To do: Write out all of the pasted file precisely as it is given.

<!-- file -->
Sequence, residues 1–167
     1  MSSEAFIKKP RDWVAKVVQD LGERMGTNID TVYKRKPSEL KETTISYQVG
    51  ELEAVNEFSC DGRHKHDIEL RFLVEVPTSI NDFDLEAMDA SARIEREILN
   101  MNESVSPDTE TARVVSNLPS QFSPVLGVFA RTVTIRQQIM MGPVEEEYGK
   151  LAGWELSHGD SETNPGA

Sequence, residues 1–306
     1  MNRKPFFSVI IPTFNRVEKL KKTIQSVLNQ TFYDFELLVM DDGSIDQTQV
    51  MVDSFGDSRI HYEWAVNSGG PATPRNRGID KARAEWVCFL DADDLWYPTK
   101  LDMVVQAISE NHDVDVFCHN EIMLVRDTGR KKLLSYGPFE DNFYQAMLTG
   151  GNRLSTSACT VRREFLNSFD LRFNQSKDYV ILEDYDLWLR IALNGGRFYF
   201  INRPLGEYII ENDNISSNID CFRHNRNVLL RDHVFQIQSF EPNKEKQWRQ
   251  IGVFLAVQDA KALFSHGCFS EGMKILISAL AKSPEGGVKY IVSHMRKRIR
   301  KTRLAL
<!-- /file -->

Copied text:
Sequence, residues 1–167
     1  MSSEAFIKKP RDWVAKVVQD LGERMGTNID TVYKRKPSEL KETTISYQVG
    51  ELEAVNEFSC DGRHKHDIEL RFLVEVPTSI NDFDLEAMDA SARIEREILN
   101  MNESVSPDTE TARVVSNLPS QFSPVLGVFA RTVTIRQQIM MGPVEEEYGK
   151  LAGWELSHGD SETNPGA

Sequence, residues 1–306
     1  MNRKPFFSVI IPTFNRVEKL KKTIQSVLNQ TFYDFELLVM DDGSIDQTQV
    51  MVDSFGDSRI HYEWAVNSGG PATPRNRGID KARAEWVCFL DADDLWYPTK
   101  LDMVVQAISE NHDVDVFCHN EIMLVRDTGR KKLLSYGPFE DNFYQAMLTG
   151  GNRLSTSACT VRREFLNSFD LRFNQSKDYV ILEDYDLWLR IALNGGRFYF
   201  INRPLGEYII ENDNISSNID CFRHNRNVLL RDHVFQIQSF EPNKEKQWRQ
   251  IGVFLAVQDA KALFSHGCFS EGMKILISAL AKSPEGGVKY IVSHMRKRIR
   301  KTRLAL